In my last blog I introduced the “Use-of-Self,” a set of agile consulting skills that enliven all 5 Phases of Agile Organization Design. In bringing all of their faculties to the table, the intervenor, in service of broadening their customer’s perspective of reality, beyond just the rational mind, can in real time model making the invisible human and cultural dynamics, visible.
In this blog I introduce the “Community Survey” in a case study as a high engagement method that leverages the invisible “informal” networks (e.g., trust, advice, communication, action) that exist in all organizations. The caveat is that you must first probe for two mindsets that the agile community calls “anti-patterns” (i.e. they thwart Agile): 1. “leaders know what is best” 2. “experts have the best solutions.” If they are present, you are ill advised to use this approach. If not present or if they can be successfully engaged, a “Community Survey” can be used to unleash some of the 70% of latent human potential in organizations. For decades the Gallup Poll has pegged US employee engagement at roughly 30%. And this is the other story.
Case Study – Can a “Community Survey” be effective in Government?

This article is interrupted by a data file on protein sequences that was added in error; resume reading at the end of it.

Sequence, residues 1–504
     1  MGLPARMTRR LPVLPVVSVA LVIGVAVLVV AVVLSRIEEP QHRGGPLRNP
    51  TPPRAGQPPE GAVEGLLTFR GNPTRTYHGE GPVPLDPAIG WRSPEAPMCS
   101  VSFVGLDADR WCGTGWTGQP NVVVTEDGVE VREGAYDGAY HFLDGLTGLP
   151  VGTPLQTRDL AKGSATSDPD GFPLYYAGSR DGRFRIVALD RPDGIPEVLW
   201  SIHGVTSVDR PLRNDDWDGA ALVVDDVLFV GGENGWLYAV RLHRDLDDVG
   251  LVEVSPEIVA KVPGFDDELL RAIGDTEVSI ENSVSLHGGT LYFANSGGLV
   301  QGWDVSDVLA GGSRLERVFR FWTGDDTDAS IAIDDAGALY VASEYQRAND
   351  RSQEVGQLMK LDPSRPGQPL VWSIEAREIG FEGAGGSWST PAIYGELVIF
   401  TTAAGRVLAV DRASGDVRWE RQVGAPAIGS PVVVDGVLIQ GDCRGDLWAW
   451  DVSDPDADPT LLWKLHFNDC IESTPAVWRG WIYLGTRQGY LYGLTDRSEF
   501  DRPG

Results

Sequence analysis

The leader of a state level technology organization asked for help to transform a bureaucratic agency to Agile. His senior executives were aligned on the need for Agile, however, they were unclear about how to move forward. Their Project Management Office (PMO) estimated it would take a year and a sizable group of project managers. After a set of preliminary conversations, I sensed this was a key tension but and needed to hear that from each other. I requested a 20-minute stand-up meeting with only one topic, to both provide and listen to each other’s top concerns about the effort. And I qualified for this meeting, “no solutions, not yet”. The themes that emerged were a need for bold and fast action, no new resources, a year was too long, stretched project managers couldn’t be pulled off vital operations, executives’ level of involvement level was already unsustainable. We needed to think outside the box. We would meet the following week. The assignment was to work in pairs and bring at least one case study as a solution to what they heard. When we met, we went through a quick process to select decision criteria. Each pair then had 5 minutes to offer their solution. We used a nominal group technique to select up to 3 out of 7 offered that differed the most. That gave us a range of options. The three top approaches were Agile Project Management, the Axlerod’s “Conference Model of Change,” and my “Community Survey” method. After a little reality testing on whether they could trust employees to lead the design, they chose the “Community Survey.” At 90 days, it garnered the highest marks on the “speed to stand-up” criteria.
The executive team vetted the 22 question “Community Survey” that went to all 600 employees to accomplish two things: provide a brief yet comprehensive diagnosis of the current Strategy, Leadership, Work, People, Structure, Systems and Culture; and secondly, to nominate members for a Design Team using the following criteria: Someone they trust; Someone who gets things done; and Someone who already does innovative work.